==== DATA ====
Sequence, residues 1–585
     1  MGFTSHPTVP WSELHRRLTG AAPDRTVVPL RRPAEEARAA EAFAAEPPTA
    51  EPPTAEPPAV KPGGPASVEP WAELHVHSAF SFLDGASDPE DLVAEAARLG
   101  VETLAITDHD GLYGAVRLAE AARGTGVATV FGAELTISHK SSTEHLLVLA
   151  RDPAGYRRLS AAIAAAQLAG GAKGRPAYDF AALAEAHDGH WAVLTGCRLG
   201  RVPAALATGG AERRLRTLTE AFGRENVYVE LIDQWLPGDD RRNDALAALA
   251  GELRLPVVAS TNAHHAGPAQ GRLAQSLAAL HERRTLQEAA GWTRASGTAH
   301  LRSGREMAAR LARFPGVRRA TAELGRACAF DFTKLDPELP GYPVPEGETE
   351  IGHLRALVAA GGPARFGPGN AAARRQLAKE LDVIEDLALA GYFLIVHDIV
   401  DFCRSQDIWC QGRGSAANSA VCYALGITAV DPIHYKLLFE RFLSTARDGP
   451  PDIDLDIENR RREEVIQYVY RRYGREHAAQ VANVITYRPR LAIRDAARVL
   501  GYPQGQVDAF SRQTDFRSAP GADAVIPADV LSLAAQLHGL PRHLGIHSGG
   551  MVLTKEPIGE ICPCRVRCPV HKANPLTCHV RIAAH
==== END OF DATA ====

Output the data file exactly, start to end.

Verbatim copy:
Sequence, residues 1–585
     1  MGFTSHPTVP WSELHRRLTG AAPDRTVVPL RRPAEEARAA EAFAAEPPTA
    51  EPPTAEPPAV KPGGPASVEP WAELHVHSAF SFLDGASDPE DLVAEAARLG
   101  VETLAITDHD GLYGAVRLAE AARGTGVATV FGAELTISHK SSTEHLLVLA
   151  RDPAGYRRLS AAIAAAQLAG GAKGRPAYDF AALAEAHDGH WAVLTGCRLG
   201  RVPAALATGG AERRLRTLTE AFGRENVYVE LIDQWLPGDD RRNDALAALA
   251  GELRLPVVAS TNAHHAGPAQ GRLAQSLAAL HERRTLQEAA GWTRASGTAH
   301  LRSGREMAAR LARFPGVRRA TAELGRACAF DFTKLDPELP GYPVPEGETE
   351  IGHLRALVAA GGPARFGPGN AAARRQLAKE LDVIEDLALA GYFLIVHDIV
   401  DFCRSQDIWC QGRGSAANSA VCYALGITAV DPIHYKLLFE RFLSTARDGP
   451  PDIDLDIENR RREEVIQYVY RRYGREHAAQ VANVITYRPR LAIRDAARVL
   501  GYPQGQVDAF SRQTDFRSAP GADAVIPADV LSLAAQLHGL PRHLGIHSGG
   551  MVLTKEPIGE ICPCRVRCPV HKANPLTCHV RIAAH